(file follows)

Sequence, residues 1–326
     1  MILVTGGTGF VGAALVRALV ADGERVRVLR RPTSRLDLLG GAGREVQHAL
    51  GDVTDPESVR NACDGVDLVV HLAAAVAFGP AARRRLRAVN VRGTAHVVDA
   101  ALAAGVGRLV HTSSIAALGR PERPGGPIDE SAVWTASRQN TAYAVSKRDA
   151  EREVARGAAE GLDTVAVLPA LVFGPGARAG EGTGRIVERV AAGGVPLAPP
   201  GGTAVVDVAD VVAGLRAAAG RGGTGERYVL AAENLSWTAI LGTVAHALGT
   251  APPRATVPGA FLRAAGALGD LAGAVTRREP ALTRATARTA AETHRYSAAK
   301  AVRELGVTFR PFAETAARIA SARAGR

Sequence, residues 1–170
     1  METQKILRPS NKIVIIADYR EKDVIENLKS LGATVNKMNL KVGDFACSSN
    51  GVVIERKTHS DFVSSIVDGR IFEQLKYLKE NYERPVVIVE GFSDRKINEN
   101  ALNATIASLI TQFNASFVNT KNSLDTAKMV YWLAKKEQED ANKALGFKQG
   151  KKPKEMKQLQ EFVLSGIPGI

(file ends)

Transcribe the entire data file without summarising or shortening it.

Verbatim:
Sequence, residues 1–326
     1  MILVTGGTGF VGAALVRALV ADGERVRVLR RPTSRLDLLG GAGREVQHAL
    51  GDVTDPESVR NACDGVDLVV HLAAAVAFGP AARRRLRAVN VRGTAHVVDA
   101  ALAAGVGRLV HTSSIAALGR PERPGGPIDE SAVWTASRQN TAYAVSKRDA
   151  EREVARGAAE GLDTVAVLPA LVFGPGARAG EGTGRIVERV AAGGVPLAPP
   201  GGTAVVDVAD VVAGLRAAAG RGGTGERYVL AAENLSWTAI LGTVAHALGT
   251  APPRATVPGA FLRAAGALGD LAGAVTRREP ALTRATARTA AETHRYSAAK
   301  AVRELGVTFR PFAETAARIA SARAGR

Sequence, residues 1–170
     1  METQKILRPS NKIVIIADYR EKDVIENLKS LGATVNKMNL KVGDFACSSN
    51  GVVIERKTHS DFVSSIVDGR IFEQLKYLKE NYERPVVIVE GFSDRKINEN
   101  ALNATIASLI TQFNASFVNT KNSLDTAKMV YWLAKKEQED ANKALGFKQG
   151  KKPKEMKQLQ EFVLSGIPGI